"Nnnnneeeeeeowww" - Falcon just can't help himself.

This is a movie that tests the foundations of relationships it has spent almost a decade building. Cap and Iron Man are the banner head-buttees, but consider also Bucky (Sebastian Stan, increasingly worthy of his roster position) testing Steve's loyalty to his buddy, and Black Widow (as always, the best thing in the movie) putting her principles ahead of her partnerships with Rogers and Hawkeye. Everyone has their own agenda here: no one is heading towards the opposing team in that iconic dust-up at Leipzig airport without knowing who they're going to punch in the face first and why. The crunching final fight between Captain America and Iron Man, accompanied by a truly stirring Henry Jackman score, is genuinely heartbreaking as a result.

The Russo brothers have done a masterful job orchestrating order out of chaos. I counted 14 major characters big enough to marquee their own movie, and that's before you even get into the supporting cast. There's room for everyone to shine: Black Panther needs no lengthy origin story and hits the ground running; Ant-Man, surely the most likely character to be underserved given he's the most recent recruit, is given the lion's share of the film's funniest moments; only Spider-Man feels like a trailer for his own movie, but even his extended cameo undercuts his tiresome backstory with one gag. There's even room for Thunderbolt Ross! And Peggy Carter! And Crossbones! And Zemo, probably the smartest and most well deployed villain in the MCU to date! Oh shit, and Redwing! And Martin Freeman, playing Suit Man! The Russos pace the movie perfectly and economically, leaving no character underdeveloped. Except maybe for Suit Man. #TeamSuitMan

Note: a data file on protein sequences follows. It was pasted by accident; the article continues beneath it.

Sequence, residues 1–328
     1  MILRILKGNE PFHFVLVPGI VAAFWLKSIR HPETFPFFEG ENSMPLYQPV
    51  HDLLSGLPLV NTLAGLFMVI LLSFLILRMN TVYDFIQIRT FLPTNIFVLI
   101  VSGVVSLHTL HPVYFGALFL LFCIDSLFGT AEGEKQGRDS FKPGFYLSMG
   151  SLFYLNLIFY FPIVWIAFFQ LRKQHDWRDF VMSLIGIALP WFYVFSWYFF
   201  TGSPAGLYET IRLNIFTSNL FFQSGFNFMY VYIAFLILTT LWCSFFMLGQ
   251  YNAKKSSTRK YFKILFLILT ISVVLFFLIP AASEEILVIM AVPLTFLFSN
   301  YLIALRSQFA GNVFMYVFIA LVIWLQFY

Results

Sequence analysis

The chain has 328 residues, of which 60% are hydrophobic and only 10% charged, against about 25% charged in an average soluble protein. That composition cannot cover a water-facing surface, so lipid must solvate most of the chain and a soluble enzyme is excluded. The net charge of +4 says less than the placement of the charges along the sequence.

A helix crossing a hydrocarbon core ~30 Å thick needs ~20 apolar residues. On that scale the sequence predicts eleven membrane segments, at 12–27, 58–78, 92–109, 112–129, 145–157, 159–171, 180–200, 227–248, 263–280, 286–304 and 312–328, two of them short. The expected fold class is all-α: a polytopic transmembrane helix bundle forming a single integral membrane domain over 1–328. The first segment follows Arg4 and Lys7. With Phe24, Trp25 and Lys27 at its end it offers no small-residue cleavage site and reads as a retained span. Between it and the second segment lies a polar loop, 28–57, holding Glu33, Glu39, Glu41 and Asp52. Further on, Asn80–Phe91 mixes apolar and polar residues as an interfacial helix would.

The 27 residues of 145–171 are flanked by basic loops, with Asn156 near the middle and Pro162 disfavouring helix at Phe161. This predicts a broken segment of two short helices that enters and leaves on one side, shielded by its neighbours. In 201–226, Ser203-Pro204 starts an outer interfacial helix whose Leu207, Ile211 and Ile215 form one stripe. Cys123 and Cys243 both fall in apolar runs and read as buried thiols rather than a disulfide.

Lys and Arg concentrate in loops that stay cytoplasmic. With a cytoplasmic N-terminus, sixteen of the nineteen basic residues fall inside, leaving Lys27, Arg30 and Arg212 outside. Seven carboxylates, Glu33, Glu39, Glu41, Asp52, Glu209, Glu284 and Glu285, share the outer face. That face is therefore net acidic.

Special powers: "Proficient in Microsoft Excel".

The worst thing you could say about Civil War is that it doesn't really have an ending, but you could say the same about the last 12 Marvel movies. It's arguably less funny than previous Marvel movies (making Tony Stark a killjoy is a bold move indeed) but that's because the stakes are higher. Civil War is the culmination of everything Marvel have been working towards and it pays off in previously unimaginable ways.

There is a moment that stuck in my mind way longer than the cameos or the fights or the explosions, of which there are many; a simple moment of compassion between Natasha and Steve at his lowest ebb: "I didn't think you should be alone tonight," she says, tenderly touching his arm. The reason Civil War's punches leave you dizzy is because its cast of disparate heroes - from supermen to billionaires to assassins to weird red android goblins - genuinely feel like friends. And with friends like these, who needs Thanos? (Thanos is a big purple space dude, who- you know what, never mind).

Disclaimer: I work for Disney but that has not influenced this review in any way. These opinions do not reflect those of my employer.